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Money Market Fund Reform

The Securities and Exchange Commission (SEC) yesterday adopted a series of amendments to the rules that govern money market funds.  The most controversial of these amendments will require institutional prime and tax-exempt money market funds to maintain a floating net asset value (NAV) and will allow the boards of institutional and retail prime and tax-exempt money market funds to impose liquidity fees and to suspend redemptions temporarily if the funds’ weekly liquid assets fall below a certain threshold.  Funds will have two years to comply with these amendments.

Retail and government funds will be not subject to the floating NAV requirement.  A retail fund is defined as a fund that has policies and procedures reasonably designed to limit all beneficial owners to natural persons.  A government fund is defined as a fund that invests 99.5% of its assets in cash and government securities.  Floating NAVs will be rounded to the fourth decimal place.  In conjunction with the SEC amendments, the Treasury Department and the Internal Revenue Service proposed rules providing a simplified tax accounting method to track gains and losses on floating NAV money market funds and providing relief from the wash sale rules.

If a money market fund’s weekly liquid assets fall below 30% of its total assets, a fund board would be permitted to impose a liquidity fee of up to 2% on redemptions and to suspend redemptions (impose a “gate”) for up to 10 business days.  If the liquid assets fall below 10%, the fund would be required to impose a liquidity fee of 1%, unless the fund board determines that a lower or higher fee (ranging from no fee to a 2% fee) would be in the best interest of the fund.  Government funds would not be subject to these requirements, but could voluntarily opt into them if previously disclosed to investors.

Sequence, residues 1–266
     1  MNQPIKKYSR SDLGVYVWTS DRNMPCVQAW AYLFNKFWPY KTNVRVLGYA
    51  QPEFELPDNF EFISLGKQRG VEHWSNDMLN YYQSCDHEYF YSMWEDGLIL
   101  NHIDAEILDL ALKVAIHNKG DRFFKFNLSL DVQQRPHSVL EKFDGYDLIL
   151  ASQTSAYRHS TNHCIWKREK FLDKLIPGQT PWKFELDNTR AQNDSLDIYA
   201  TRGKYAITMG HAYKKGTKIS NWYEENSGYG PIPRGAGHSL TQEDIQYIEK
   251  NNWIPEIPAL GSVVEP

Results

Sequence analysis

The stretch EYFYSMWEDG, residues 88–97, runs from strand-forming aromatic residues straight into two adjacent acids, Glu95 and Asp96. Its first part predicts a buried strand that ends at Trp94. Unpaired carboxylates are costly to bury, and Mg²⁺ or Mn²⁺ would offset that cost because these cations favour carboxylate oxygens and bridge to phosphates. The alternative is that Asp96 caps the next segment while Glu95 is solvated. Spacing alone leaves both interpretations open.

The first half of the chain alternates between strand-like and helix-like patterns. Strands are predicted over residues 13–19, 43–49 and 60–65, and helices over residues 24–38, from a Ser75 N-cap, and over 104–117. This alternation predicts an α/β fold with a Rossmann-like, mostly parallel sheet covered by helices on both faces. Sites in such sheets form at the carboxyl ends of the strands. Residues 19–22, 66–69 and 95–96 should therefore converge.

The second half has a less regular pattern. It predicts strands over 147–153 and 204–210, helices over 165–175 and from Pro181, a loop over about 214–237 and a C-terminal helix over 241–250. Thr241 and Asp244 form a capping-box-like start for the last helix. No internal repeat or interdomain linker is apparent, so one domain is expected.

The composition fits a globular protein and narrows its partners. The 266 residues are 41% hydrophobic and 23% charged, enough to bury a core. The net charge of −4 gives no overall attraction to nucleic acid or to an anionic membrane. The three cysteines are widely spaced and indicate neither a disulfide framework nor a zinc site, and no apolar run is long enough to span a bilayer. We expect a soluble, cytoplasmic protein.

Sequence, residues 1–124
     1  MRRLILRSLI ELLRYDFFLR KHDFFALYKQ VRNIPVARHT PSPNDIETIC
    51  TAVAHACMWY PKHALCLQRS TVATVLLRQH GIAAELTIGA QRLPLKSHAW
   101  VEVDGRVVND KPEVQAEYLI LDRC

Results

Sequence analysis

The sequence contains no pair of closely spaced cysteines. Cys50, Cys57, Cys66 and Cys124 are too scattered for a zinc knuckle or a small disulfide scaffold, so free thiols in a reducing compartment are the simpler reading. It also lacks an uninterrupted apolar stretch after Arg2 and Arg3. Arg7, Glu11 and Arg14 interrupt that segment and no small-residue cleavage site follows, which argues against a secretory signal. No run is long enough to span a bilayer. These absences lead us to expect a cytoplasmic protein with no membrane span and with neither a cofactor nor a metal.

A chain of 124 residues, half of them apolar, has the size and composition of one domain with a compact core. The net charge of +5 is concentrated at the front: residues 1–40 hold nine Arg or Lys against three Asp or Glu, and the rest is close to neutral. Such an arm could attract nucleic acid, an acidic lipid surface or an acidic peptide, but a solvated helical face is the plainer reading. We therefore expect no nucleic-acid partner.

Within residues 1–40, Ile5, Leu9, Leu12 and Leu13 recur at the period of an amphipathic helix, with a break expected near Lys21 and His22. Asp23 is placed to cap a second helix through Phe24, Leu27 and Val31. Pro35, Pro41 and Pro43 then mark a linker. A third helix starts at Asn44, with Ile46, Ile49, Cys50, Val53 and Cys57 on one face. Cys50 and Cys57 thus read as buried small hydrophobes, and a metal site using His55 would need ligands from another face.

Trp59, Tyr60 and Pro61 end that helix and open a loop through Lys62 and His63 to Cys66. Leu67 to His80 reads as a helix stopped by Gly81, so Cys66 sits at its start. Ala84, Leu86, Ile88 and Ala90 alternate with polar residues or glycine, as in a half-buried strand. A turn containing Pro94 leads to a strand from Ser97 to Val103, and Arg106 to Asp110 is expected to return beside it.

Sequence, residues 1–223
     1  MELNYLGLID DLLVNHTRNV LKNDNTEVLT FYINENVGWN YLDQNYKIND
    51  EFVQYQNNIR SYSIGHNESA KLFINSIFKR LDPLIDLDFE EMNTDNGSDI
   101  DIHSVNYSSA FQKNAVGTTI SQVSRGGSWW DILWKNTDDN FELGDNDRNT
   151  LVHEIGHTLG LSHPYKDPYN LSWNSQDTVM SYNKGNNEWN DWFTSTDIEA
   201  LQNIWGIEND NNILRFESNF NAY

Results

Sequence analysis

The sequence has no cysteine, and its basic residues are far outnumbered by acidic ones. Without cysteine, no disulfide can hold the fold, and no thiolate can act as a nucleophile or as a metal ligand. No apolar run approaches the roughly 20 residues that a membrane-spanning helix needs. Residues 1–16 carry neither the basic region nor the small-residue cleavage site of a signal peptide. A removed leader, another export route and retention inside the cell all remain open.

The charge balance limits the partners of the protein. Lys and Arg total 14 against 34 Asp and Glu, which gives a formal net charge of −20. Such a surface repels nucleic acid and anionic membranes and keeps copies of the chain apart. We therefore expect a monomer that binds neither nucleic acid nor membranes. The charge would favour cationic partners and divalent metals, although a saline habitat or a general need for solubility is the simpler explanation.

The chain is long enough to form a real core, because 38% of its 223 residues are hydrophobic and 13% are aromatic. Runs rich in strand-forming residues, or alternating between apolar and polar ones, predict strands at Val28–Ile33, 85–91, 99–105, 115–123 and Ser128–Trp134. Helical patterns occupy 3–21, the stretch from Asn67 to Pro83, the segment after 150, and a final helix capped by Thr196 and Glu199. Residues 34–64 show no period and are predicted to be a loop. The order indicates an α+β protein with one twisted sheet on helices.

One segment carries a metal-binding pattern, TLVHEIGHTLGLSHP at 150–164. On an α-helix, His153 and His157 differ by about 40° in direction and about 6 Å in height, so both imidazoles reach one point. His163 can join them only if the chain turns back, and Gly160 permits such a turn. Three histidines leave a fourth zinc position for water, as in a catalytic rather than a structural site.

Concern has been expressed that the floating NAV requirement will impose new costs on money market funds, prompt institutional investors to shift cash to government funds, bank deposits and unregulated funds, and impair the short-term funding of businesses and governments.  Concern has also been expressed that the liquidity fee and gate requirements will trigger runs.

The SEC at the same time adopted less controversial amendments to the diversification, disclosure and stress testing requirements for money market funds, as well as to the reporting requirements for money market funds and for private funds that operate like money market funds.  In addition, it reproposed amendments to remove references to credit ratings in the rules and forms relating to money market funds.